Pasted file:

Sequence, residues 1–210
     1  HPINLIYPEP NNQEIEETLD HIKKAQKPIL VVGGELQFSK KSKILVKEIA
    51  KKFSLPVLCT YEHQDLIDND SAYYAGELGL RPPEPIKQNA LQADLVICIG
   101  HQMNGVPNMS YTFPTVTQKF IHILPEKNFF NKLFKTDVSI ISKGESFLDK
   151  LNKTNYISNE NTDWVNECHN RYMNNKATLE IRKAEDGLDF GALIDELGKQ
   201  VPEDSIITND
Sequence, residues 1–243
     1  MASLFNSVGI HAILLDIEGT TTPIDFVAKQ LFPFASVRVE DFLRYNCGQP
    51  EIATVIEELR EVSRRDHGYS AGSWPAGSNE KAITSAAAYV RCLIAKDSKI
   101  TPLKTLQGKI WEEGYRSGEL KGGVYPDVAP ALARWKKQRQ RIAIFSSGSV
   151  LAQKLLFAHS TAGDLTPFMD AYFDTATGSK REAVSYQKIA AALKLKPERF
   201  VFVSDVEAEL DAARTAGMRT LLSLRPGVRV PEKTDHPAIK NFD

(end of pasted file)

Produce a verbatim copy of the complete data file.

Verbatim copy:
Sequence, residues 1–210
     1  HPINLIYPEP NNQEIEETLD HIKKAQKPIL VVGGELQFSK KSKILVKEIA
    51  KKFSLPVLCT YEHQDLIDND SAYYAGELGL RPPEPIKQNA LQADLVICIG
   101  HQMNGVPNMS YTFPTVTQKF IHILPEKNFF NKLFKTDVSI ISKGESFLDK
   151  LNKTNYISNE NTDWVNECHN RYMNNKATLE IRKAEDGLDF GALIDELGKQ
   201  VPEDSIITND
Sequence, residues 1–243
     1  MASLFNSVGI HAILLDIEGT TTPIDFVAKQ LFPFASVRVE DFLRYNCGQP
    51  EIATVIEELR EVSRRDHGYS AGSWPAGSNE KAITSAAAYV RCLIAKDSKI
   101  TPLKTLQGKI WEEGYRSGEL KGGVYPDVAP ALARWKKQRQ RIAIFSSGSV
   151  LAQKLLFAHS TAGDLTPFMD AYFDTATGSK REAVSYQKIA AALKLKPERF
   201  VFVSDVEAEL DAARTAGMRT LLSLRPGVRV PEKTDHPAIK NFD